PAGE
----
This is a love story that doesn’t hold back. All those little nuances of a relationship (both successful and failing) are detailed, making the story unique yet universal. I don’t want to reveal anymore because a lot of the delight in reading this comes from how the story unfolds; alphabetically. 


Interestingly, this book works very well as an ebook. I read it on my kindle and found I had a greater understanding and appreciation of what was being said because I could just touch my screen to find the full definition of more complex words. You could, of course, simply pull out a dictionary from your shelf, but all that hassle when you can just touch.

encroach, adj.

The first three nights we spent together, I couldn’t sleep. I wasn’t used to your breathing, your feet on my legs, your weight in the bed. In truth, I still sleep better when I’m alone. But now I allow that sleep isn’t always the most important thing.

This book is funny and it’s sad, but most of all, it’s real. Read it.

D’ya have any favourite words/entries from this dictionary?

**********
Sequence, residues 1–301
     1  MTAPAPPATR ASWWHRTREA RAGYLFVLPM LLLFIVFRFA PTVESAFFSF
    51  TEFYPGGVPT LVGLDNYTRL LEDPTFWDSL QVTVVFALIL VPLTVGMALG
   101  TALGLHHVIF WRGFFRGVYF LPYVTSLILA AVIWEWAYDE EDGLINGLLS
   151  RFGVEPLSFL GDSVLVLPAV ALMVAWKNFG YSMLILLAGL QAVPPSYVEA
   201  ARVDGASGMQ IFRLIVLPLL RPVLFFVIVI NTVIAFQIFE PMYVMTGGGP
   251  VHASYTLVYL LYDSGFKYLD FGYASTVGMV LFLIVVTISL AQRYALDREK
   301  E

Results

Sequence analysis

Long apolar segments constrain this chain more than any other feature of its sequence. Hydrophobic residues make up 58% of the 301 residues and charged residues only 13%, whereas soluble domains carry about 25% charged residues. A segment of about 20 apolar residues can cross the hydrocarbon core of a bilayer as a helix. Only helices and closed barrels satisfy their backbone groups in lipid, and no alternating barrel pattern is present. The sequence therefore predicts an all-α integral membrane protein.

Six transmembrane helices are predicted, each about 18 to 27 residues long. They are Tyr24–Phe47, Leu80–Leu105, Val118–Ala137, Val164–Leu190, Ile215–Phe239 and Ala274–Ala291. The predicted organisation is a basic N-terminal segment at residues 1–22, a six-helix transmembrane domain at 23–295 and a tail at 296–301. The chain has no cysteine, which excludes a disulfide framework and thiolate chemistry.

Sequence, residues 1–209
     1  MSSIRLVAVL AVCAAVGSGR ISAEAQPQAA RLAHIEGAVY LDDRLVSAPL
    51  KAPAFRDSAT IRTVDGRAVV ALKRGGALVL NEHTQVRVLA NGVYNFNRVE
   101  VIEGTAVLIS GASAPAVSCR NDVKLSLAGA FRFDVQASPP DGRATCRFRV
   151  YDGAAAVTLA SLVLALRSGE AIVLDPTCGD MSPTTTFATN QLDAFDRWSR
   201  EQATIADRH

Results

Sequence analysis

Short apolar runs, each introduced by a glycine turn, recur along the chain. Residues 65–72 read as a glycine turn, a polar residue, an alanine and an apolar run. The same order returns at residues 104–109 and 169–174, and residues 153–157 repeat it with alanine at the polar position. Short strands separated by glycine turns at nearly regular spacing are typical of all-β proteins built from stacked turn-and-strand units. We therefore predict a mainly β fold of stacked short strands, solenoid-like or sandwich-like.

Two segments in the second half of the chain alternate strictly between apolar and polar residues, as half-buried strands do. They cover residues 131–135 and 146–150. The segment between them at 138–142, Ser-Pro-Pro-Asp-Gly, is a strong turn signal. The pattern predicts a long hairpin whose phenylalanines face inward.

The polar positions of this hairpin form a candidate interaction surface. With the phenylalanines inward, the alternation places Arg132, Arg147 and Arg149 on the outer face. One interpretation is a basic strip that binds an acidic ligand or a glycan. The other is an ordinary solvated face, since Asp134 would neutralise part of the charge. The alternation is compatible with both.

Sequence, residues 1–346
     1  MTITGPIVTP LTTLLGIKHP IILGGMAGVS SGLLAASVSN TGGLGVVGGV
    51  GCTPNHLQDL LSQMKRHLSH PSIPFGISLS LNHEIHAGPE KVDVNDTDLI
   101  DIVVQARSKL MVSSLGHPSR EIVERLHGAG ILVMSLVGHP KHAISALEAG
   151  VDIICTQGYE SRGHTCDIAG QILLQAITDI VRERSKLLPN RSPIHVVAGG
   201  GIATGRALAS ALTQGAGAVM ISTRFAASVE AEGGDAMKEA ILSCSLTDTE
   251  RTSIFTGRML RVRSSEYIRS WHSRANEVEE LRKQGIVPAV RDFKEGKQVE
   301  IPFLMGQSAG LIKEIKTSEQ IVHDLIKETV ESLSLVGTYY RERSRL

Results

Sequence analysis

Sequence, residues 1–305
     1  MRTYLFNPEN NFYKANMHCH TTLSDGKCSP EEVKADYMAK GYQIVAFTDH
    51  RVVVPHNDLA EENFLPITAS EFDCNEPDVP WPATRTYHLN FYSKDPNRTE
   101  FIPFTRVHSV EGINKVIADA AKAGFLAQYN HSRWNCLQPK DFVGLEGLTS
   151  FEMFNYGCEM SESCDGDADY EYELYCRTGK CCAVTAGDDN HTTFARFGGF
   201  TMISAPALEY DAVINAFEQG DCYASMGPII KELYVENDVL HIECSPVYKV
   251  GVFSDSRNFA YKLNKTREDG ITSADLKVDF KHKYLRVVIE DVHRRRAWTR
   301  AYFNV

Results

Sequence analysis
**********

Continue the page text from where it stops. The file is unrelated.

The Sadness that comes with Cake – Aimee Bender

I’ve just spent the better part of the last two days reading Aimee Bender’s ‘The Particular Sadness of Lemon Cake’. The quirky title is what lured me in, and I can honestly say that it’s been a while since I’ve been so wrapped up in a story that a book becomes unputdownable (hence why I haven’t posted here in some time). This book has left me intrigued, confused and undeniably sad.

At the age of 9, Rose Edelstein discovers that she can taste her mother’s emotions in a slice of home-made lemon-chocolate cake. Where before she was cheerful and capable, Rose learns that her mother tastes of sadness, despair and desperation. So begins a life where for Rose, an average meal can become an intimate moment of revelation.

The Particular Sadness of Lemon Cake

The Particular Sadness of Lemon Cake

This gift of being able to read the feelings of the people who prepared the food she consumes is quite unsettling and results in Rose growing up very quickly, becoming an almost adult-child. The book follows her journey as she struggles with this gift, exploring the dynamics of her family: the father who is always there but never present, the sad mother who is always smiling, and the older brother who does not like to be touched.